Strapped Budgets. For many trusts and associations, a large portion of their revenue comes from public entities that have very little budgetary wiggle room. School districts, for example, must not only abide by their local and state funding rules, they’re also held to a higher level of accountability through board members and taxpayers.

Talent Drought. With a booming economy and historically low unemployment rates, staff turnover is high among trusts and associations. Even the older and more stable organizations are not immune to this trend, especially if they’ve failed to implement succession planning to prepare for the “silver tsunami” of their retiring baby boomers.

Innovation Gap. Any business trying to achieve economies of scale must leverage technology whenever possible. Unfortunately, pooled insurance groups have not historically made this a priority. Many have not sent out a request for proposal (RFP) for new technology in several years, so they don’t know what’s available. Meanwhile, their member groups are encountering new technology in their own workplaces all the time. Unless you innovate or modernize, you risk losing customers whose expectations are constantly evolving.

What’s a pooled group administrator to do?

The short answer is to invest in technology that proves its value over the long haul, is designed with administrative efficiency in mind and helps you stay relevant as customer expectations continue to evolve. While that may sound like a simple recipe for success, it’s a bit more difficult if you haven’t researched available options in a few years. There’s a lot to learn.

But first, the good news.

The technology these days is far more affordable than it was five or ten years ago. And, thanks to advancements in machine learning and artificial intelligence, many administrative processes are far less burdensome than they once were. So, it’s almost a no-brainer to consider your options.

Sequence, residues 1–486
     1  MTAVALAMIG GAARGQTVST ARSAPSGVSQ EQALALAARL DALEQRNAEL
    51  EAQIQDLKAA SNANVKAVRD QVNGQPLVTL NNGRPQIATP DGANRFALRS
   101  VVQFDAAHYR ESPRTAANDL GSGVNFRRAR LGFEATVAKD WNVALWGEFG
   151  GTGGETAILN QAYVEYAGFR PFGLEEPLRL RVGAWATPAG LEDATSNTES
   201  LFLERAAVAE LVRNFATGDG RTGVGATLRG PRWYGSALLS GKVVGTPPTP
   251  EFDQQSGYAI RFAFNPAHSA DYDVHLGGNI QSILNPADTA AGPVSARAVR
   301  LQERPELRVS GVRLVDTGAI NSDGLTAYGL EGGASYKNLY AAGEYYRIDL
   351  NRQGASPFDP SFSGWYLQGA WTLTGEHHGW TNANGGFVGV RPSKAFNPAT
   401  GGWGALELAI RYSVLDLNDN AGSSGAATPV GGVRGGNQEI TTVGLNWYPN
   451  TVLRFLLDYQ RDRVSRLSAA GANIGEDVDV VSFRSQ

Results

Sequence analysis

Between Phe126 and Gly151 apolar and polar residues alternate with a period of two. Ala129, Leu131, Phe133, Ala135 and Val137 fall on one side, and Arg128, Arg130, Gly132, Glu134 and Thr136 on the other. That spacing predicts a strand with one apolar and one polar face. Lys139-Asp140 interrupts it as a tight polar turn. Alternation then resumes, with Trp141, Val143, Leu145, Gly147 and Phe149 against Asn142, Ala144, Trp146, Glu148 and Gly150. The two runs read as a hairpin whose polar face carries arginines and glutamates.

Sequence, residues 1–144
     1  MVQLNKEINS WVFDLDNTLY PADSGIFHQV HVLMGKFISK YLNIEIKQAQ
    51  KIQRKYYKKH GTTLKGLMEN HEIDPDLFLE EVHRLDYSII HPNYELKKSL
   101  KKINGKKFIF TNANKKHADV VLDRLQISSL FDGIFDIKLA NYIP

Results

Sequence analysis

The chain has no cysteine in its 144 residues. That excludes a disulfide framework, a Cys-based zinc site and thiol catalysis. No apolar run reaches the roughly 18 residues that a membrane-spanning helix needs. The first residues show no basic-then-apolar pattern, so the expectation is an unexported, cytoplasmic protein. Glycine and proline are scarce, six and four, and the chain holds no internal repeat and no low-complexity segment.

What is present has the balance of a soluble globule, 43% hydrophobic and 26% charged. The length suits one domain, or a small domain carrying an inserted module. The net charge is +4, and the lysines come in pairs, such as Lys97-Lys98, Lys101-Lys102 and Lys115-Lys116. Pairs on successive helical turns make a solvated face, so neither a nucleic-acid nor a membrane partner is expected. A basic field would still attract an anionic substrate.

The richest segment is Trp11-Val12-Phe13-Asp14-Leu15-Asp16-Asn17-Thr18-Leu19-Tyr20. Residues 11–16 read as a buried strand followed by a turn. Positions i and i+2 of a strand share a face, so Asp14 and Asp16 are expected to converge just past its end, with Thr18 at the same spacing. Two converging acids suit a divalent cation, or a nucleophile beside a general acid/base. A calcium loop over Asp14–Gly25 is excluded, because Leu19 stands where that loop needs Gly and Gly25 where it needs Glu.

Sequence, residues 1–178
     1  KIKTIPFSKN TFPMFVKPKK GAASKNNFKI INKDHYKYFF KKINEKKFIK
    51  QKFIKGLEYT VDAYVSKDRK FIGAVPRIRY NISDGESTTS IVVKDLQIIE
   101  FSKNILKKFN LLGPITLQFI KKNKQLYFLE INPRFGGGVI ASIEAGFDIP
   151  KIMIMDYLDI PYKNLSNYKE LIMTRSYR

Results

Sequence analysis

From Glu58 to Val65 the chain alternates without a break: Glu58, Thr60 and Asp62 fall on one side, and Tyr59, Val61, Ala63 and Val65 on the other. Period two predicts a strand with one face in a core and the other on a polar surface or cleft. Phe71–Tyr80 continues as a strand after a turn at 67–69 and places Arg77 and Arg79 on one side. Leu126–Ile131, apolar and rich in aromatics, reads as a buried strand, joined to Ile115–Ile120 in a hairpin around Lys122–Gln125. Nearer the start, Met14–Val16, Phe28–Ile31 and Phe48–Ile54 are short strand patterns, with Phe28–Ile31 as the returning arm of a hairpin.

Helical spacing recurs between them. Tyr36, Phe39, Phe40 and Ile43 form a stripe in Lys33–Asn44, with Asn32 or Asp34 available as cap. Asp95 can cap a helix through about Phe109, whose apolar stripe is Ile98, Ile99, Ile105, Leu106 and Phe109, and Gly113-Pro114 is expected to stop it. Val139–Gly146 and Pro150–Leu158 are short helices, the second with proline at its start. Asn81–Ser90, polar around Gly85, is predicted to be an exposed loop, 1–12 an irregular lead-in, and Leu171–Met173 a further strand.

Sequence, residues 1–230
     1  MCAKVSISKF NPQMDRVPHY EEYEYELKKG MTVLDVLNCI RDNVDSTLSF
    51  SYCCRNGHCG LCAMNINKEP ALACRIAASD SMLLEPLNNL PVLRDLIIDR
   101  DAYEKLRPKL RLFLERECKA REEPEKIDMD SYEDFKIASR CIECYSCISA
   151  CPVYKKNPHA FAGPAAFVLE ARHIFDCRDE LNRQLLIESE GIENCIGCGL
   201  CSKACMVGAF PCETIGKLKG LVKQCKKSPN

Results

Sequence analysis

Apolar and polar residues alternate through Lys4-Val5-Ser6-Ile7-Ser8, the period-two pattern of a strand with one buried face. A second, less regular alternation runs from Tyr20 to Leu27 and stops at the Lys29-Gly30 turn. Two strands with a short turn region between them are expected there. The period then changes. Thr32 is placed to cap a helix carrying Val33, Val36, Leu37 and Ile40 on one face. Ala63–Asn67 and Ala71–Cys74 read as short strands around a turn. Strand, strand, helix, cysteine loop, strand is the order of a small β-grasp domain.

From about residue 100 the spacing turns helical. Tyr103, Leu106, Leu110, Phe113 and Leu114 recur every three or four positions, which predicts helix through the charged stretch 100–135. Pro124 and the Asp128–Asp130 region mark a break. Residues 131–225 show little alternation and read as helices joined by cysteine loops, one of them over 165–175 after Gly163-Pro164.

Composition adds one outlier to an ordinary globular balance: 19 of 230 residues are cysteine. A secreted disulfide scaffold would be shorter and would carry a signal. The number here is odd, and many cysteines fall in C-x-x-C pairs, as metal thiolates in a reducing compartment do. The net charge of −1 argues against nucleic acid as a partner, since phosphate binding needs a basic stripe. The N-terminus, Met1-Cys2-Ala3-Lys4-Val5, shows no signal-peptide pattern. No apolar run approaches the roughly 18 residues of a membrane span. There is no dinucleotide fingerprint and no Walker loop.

Two paths forward

Depending on your current administrative processes, most pooled group administrators start their search for new technology at the proverbial fork in the road; before they decide to work with Vendor A or Vendor B, they must first decide whether to pursue an insourced or outsourced model of technology and service delivery. Here’s how the two differ:

Insourcing: In this model, the trust or association relies heavily on internal resources to manage the entire benefits administration process, from enrollment to customer service. Most often, the technology used in this model is a basic benefits module that is tacked on to existing software.

Outsourcing: In this model, people, processes and technology are all handled by a third party. Also called a “point-solution” or “best-in-class” benefits administration platform, the technology is robust and the services are tailored to suit each trust or association’s unique needs and culture.

From a cost perspective, the price tag for an outsourced solution may, at first, seem larger than that of setting up an insourced solution. Pooled groups who insource, however, must make additional investments in staffing, and often must turn to consultants for the ongoing maintenance of their platform. Outsourced solutions, by contrast, have a more predictable cost structure and lower overall cost of ownership.

As such, most pooled insurance groups choose an outsourced model. If you’re leaning toward insourcing or still not sure which model is best suited to the unique needs of your trust or association, read our guide, Why Trusts and Associations Should Outsource Their Benefits Administration. In it, you’ll find 10 questions to ask yourself to help you predict your total cost of owning one solution over another, including:

  • What services do I need?
  • Will my platform support my member groups’ future benefits strategies?
  • Which compliance issues should I consider?

Read it below.